This memoir’s pivotal story, set predominantly in Italy, concerns the adoption of a Romanian boy from an orphanage. Surrounding those details, author Tito Capaldo offers personal reflections regarding how he believes the world has changed in ways that negatively impact nature, society and life in general.
The book opens in December, 1991, when Capaldo, a military pilot, and his wife, Maria, get a call from social services regarding a child available for adoption. Marco, then 6-1/2, had been adopted before by a Canadian family, but that situation didn’t work out. Despite reservations about adopting an older child, the couple follows through anyway.
Marco seems in good health and initially is exuberant. But as he grows, he becomes reckless, impulsive and develops a temper. His worsening condition leads to hospitalization and bigger issues. The situation also threatens the couple’s relationship both with Marco and each other, as Maria rejects their son while Tito is determined to remain steadfast despite his son’s difficulties.
Around the surface story focusing on Marco, Capaldo laments the declining economic situation in his home town of Campo di Giove, discusses troubles with the Italian political system, struggles with the meaning of religion, and complains about people overpopulating the planet to the point where it threatens the sustainability of the planet for future generations.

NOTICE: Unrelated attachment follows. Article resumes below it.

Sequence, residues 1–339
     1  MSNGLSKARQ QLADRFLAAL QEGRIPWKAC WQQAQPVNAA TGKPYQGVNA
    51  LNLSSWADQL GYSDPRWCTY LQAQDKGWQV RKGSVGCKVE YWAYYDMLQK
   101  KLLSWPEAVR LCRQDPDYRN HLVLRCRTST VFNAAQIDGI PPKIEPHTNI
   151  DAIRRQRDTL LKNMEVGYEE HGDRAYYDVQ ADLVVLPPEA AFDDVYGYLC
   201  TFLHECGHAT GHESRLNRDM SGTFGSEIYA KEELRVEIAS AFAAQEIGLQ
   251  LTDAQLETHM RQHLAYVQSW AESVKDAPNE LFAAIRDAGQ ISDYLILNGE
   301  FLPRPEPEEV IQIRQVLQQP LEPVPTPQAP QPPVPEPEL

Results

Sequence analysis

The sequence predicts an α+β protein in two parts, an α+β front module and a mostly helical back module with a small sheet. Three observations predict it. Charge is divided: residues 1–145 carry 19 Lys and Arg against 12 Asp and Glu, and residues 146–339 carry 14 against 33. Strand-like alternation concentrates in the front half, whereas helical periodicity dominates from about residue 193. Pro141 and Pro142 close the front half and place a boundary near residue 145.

At times, the book reads as if drawn from the author’s personal journals. The text offers occasionally crisp description (“I could hear the clip-clop sound of the mules jot-trotting on the ground.”). However, as a whole it drifts across so many varied ruminations that Marco and his plight get lost in the telling. In addition, run-on sentences are disruptive and cry for punctuation.
Without more dedicated direction, this book offers limited appeal.
Also available in hardcover and ebook.